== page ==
An injection of funds for the department's upgrading and construction programs was provided by an increase of 60 per cent of registration fees which contributed to almost half of the department's income.
Progress was made on the Bruce Highway upgrades, interchanges and the commencement of the Gateway Bridge construction.
15 district offices had close understandings of local problems and priorities, helping them to liaise with local authorities and the community. There were 17 registration offices with the Logan City area office opening in 1989.
Main Roads was acquiring the reputation for innovation and expertise. Increasing attention was being focused on the rehabilitation of existing roads rather than new construction. Better information on design and rehabilitation measures was required for decision making. CONDAS was developed inhouse to collect data recording essential aspects of the surface condition saving time and expense.
By the end of the 1980s, the Main Roads Department had developed into a widely decentralised and largely autonomous organisation whose goals were to create a Declared Road Network following Government objectives and community needs and to be at the forefront of technology in road engineering methods.
The department’s vision was to manage a Declared Road Network to maximise the safety, convenience, comfort and reliability of travel for all road users.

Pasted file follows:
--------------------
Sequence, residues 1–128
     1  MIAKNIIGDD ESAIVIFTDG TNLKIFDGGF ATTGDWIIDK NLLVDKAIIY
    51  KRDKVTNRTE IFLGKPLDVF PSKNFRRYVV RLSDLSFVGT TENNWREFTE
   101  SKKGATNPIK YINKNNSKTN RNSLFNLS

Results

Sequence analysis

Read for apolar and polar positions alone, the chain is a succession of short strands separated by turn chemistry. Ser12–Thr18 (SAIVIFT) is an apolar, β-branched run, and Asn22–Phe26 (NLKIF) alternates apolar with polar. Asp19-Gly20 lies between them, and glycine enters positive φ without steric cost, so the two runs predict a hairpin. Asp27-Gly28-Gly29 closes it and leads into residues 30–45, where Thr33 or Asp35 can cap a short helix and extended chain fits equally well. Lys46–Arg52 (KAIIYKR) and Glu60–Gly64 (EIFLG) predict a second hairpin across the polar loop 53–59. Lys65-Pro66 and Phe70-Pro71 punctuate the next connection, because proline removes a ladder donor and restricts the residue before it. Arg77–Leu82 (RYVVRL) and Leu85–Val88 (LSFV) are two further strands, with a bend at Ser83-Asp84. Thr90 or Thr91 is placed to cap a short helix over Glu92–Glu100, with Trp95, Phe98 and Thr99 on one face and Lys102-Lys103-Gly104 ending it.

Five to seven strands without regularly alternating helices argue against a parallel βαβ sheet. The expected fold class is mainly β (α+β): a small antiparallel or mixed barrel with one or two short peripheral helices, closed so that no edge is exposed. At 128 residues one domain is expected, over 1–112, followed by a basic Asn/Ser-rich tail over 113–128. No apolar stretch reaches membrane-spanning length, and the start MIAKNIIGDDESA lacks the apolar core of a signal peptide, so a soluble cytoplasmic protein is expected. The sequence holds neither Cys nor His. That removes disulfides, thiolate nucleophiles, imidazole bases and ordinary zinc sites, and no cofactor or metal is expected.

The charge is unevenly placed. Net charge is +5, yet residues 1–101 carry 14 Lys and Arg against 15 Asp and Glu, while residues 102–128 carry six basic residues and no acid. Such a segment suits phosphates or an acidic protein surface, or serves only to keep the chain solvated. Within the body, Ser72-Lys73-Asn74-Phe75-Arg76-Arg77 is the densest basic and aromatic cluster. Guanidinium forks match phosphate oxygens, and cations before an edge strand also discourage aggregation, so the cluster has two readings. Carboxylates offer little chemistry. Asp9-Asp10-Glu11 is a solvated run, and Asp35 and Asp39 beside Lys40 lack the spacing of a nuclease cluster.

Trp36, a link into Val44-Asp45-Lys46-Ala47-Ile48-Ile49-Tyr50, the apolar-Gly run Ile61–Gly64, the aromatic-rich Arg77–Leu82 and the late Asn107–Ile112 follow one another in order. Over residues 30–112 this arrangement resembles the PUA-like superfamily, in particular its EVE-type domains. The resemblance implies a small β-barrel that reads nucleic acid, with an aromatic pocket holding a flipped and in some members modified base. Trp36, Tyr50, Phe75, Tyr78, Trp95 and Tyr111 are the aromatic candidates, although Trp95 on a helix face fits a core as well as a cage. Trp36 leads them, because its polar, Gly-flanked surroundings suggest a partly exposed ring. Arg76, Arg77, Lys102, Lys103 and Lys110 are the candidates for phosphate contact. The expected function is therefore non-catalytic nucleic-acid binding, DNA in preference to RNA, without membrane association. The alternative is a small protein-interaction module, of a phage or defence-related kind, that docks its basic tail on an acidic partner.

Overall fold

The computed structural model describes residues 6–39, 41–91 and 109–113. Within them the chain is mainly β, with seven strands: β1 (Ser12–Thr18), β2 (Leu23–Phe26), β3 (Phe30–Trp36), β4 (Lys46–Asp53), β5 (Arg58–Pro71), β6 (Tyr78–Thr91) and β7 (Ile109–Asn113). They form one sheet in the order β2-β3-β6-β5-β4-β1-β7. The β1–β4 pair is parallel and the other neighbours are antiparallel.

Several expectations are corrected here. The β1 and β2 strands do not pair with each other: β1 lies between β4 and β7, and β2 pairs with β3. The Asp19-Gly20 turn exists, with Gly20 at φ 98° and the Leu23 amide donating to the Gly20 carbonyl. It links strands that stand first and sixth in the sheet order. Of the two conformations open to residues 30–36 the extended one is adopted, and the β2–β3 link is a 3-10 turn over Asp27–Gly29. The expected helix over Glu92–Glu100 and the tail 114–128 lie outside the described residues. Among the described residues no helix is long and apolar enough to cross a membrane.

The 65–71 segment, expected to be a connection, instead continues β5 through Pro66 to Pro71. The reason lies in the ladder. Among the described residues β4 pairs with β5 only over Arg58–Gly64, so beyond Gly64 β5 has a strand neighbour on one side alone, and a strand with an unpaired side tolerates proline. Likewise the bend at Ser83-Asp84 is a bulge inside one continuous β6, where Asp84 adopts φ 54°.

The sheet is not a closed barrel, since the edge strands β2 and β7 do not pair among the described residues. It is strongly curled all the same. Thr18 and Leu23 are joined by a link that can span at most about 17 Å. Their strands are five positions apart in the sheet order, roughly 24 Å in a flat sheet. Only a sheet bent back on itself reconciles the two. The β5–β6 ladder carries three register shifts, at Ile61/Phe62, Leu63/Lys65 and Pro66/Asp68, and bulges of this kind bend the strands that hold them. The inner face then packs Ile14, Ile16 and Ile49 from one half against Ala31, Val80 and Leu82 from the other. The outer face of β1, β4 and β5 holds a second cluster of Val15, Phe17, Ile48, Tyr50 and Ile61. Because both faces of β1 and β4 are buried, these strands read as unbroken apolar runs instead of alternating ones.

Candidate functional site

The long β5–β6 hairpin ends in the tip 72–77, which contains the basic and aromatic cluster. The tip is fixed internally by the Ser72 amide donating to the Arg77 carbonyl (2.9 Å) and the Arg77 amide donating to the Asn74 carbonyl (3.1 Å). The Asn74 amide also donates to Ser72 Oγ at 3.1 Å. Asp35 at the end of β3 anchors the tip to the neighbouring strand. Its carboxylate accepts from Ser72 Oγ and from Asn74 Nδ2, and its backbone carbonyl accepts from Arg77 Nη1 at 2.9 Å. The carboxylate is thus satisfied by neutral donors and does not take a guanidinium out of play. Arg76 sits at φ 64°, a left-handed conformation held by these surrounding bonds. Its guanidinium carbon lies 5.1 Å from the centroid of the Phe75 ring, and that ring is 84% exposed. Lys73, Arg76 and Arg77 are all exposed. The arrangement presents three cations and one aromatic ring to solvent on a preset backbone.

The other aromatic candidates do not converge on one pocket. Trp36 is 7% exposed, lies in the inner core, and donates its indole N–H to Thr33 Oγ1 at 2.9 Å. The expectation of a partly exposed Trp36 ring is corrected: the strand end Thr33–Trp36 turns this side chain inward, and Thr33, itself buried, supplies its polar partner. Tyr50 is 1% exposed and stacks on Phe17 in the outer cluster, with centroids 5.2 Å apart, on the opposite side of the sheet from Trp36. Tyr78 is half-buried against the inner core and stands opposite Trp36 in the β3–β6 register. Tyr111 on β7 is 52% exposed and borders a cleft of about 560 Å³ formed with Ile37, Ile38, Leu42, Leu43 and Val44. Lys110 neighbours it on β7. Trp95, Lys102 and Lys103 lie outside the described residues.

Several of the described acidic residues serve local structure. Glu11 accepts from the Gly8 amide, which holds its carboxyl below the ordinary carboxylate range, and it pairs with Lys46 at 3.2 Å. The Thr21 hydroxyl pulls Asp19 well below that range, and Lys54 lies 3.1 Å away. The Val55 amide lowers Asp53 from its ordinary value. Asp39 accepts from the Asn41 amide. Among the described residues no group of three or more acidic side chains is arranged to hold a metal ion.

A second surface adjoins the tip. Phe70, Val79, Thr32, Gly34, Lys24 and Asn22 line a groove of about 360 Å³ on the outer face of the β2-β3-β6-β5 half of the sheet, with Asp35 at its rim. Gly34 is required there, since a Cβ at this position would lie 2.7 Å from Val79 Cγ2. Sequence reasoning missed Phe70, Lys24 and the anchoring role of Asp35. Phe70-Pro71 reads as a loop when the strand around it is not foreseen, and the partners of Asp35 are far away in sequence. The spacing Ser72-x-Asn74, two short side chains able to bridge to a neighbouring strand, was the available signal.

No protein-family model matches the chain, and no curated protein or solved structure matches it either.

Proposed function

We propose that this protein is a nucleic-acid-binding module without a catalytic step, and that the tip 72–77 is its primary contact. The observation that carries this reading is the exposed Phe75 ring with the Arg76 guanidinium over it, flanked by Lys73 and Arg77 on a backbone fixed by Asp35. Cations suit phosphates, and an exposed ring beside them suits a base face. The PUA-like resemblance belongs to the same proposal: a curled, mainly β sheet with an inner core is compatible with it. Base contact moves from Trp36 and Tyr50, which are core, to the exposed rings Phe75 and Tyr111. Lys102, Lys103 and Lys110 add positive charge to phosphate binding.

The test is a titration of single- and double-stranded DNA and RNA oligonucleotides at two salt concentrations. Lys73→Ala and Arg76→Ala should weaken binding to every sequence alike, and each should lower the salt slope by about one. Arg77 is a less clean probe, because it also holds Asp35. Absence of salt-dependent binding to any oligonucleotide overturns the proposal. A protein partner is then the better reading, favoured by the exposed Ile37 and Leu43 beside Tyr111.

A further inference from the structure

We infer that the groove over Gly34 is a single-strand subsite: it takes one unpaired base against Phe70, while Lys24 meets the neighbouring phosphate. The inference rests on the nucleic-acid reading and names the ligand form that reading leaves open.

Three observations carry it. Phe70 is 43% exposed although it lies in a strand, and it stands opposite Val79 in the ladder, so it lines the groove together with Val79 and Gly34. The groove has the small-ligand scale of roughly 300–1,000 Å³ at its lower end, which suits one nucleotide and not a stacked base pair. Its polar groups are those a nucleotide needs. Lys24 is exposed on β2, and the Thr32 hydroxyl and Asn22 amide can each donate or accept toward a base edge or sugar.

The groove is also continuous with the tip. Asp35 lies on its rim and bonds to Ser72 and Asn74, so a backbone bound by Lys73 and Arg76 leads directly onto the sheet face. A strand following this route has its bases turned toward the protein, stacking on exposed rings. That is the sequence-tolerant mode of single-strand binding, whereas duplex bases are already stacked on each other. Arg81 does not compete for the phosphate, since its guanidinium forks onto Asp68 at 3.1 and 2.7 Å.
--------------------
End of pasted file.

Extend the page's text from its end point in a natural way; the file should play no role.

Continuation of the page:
January 1986 saw the completion of the Gateway Bridge, a landmark construction. Work commenced on the construction of the Gateway Arterial Road which linked the Pacific Highway at Springwood south of Brisbane with the Bruce Highway at Bald Hills to the north, via the new bridge.
The Gateway Bridge Franchise Deed was signed in 1986 which was an agreement between the state of Queensland and the Gateway Bridge Company Limited for a franchise period of thirty (30) years for the levying and collection of tolls.
Personal computers and the latest technology were used on job sites, in laboratories, stores, workshops and offices.
A program also commenced incorporating full registration services in all regional and remote offices where full facilities did not exist locally. The first facility was opened in Gympie in 1988. In 1982 there were 15 Main Roads’ registration offices and by the end of the decade, it had risen to 26 offices throughout the state.